Kyle Froerer, left, and Amina Khan, right, clasp hands as they are given the news Monday afternoon of who won the election for vice president of activities for WSUSA. They were given the news in a private meeting in the WSUSA conference room. (Photo by Michael Grennell / The Signpost)

Kyle Froerer has been declared the winner of the Weber State University Student Association (WSUSA) Activities Vice President for 2015-16. The result was announced Monday by the WSUSA Supreme Court after a four-day controversy over the race against opponent Amina Khan.

The Elections Committee and Supreme Court met for two hours Monday afternoon to reconsider Froerer’s eligibility.

Khan was declared the winner of the race by three votes Friday night, but that result was overturned Saturday when the Election Committee discovered that Froerer was docked too many points for a grievance penalty. After a recount, Froerer won by 19 votes.

However, Khan immediately challenged Froerer’s eligibility to run for executive office. The student Supreme Court found Froerer ineligible and declared Khan the winner again because Froerer began his position last October. The WSUSA requires candidates serve in student government for two full semesters before running for an executive position.

On Sunday Froerer challenged that decision, and the student Supreme Court went back into session on Monday.

Froerer said he filed the appeal because he had more votes than Khan and was declared eligible to run before the campaigns began.

Khan said she believed there needed to be more care when counting the votes.

“It’s a big deal,” Khan said. “There can’t be carelessness or neglect on the situation. It’s not fun for any of us.”

During the week of elections, the Elections Committee penalized candidates Cash Knight, Gregory Woodfield and Froerer for distributing campaign materials under the doors of residents in Wasatch Hall. The penalty went from nothing to 48 votes to seven votes between Tuesday and Thursday.

In a miscalculation of votes taken against Froerer by Director of Student Involvement and Leadership Aaron Newman, Khan was announced as the winner of the election at Weber’s Got Talent on Friday evening.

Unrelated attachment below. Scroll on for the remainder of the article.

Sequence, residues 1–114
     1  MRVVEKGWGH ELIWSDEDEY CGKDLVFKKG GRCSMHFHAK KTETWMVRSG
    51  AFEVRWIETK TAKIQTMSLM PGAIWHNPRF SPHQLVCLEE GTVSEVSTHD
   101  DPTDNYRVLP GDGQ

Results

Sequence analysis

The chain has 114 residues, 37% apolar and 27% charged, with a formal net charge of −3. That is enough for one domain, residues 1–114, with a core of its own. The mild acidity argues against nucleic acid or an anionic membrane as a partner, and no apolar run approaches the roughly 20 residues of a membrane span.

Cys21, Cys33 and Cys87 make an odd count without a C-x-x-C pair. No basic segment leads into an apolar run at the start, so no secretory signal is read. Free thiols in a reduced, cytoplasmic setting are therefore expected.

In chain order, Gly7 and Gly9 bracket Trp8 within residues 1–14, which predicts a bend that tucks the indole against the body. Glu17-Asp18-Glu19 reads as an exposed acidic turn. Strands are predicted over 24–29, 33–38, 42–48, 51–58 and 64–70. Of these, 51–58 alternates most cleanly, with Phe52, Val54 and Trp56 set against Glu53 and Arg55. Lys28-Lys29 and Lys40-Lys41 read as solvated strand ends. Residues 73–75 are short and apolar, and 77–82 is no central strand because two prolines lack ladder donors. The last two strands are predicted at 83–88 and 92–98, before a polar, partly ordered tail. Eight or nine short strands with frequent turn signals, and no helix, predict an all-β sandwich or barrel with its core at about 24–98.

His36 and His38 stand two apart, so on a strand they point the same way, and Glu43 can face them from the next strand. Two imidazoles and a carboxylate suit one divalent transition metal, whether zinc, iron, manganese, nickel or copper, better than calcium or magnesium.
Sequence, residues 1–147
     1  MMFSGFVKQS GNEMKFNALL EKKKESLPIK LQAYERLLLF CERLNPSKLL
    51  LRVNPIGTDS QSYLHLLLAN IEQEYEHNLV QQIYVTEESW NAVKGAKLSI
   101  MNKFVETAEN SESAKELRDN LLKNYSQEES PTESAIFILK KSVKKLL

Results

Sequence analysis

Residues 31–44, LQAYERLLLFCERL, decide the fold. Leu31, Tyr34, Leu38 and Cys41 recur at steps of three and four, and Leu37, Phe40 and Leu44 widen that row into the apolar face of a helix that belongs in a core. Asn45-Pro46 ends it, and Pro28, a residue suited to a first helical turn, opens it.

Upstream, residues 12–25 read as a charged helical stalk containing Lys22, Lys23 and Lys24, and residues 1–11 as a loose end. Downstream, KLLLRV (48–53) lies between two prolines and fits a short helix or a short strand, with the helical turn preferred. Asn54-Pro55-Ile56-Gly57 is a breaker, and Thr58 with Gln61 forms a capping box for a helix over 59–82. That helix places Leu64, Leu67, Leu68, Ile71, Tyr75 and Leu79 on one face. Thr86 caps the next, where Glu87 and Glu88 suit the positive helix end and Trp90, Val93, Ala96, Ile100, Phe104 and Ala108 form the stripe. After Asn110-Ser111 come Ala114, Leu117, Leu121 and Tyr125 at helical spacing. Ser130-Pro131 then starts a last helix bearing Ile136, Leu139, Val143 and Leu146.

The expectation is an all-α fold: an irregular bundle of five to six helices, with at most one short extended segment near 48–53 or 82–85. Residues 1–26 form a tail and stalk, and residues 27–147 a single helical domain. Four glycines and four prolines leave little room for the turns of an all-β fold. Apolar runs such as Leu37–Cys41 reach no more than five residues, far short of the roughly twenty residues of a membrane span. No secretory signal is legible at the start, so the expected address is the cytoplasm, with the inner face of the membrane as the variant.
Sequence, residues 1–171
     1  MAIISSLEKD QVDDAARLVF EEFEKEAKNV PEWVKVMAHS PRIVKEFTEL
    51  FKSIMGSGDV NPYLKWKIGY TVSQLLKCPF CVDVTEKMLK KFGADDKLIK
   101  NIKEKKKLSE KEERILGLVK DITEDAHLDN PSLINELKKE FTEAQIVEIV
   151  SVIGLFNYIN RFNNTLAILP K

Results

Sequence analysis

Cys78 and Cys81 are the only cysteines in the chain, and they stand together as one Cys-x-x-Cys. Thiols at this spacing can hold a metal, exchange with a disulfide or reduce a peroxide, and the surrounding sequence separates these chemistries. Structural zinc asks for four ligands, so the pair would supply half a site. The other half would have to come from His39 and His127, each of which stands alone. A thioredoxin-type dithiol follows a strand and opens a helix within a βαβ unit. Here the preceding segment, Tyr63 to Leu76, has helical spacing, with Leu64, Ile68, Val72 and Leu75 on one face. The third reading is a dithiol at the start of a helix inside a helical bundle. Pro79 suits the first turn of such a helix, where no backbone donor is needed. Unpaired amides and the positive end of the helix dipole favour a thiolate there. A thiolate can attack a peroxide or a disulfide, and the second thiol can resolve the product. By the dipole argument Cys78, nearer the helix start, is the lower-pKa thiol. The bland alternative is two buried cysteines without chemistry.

Froerer then requested the committee go back and review the number of votes. Once the error was found and corrected, Froerer was 19 votes ahead making him the future vice president of activities.

After the decisions by the student Supreme Court declaring Froerer ineligible and then eligible again, Froerer was again declared winner of the vice president of activities.

The challenge to Froerer’s eligibility had to be filed before the election began on March 16 to be valid, current Student Body President Joe Favero said the student court found.

“Questions about eligibility have to occur before elections even begin,” he said.

Favero said that considering the previous confusion with the vote count and emotions over the weekend’s Supreme Court meeting to declare Froerer’s ineligibility, “Some of the rules were forgotten by the advisers and the Supreme Court.”

After the announcement of Froerer’s election, Khan said she still plans to be a part of WSUSA.

“After all of this, I know things are going to change, and I want to be a part of that change,” Khan said. “I will still be involved heavily.”

As the future activities vice president, Froerer said he plans to work on adaptive marketing for WSU events in the upcoming year.

“The problem is that students don’t even know about the events,” Froerer said. “I think that if they knew about them, they would come. It’s much more than just following us on Facebook.”

Froerer and the other elected WSUSA executive officers for 2015-16 are scheduled to be inaugurated on April 18.

For future elections held, Favero said that there will be a clarification of the rules stated for candidate eligibility.

Favero also said the Supreme Court and Newman plan to reach out to the Olene S. Walker Institute of Politics and Public Service at WSU to seek further expertise on political and election issues.

“Looking back on this weekend, of course it was regretful, but that isn’t unlike the real world,” Favero said. “That’s what we’re all truly hoping for in our time at Weber State is for real world education. So to expect perfection from any constitution or grievances is unrealistic.”

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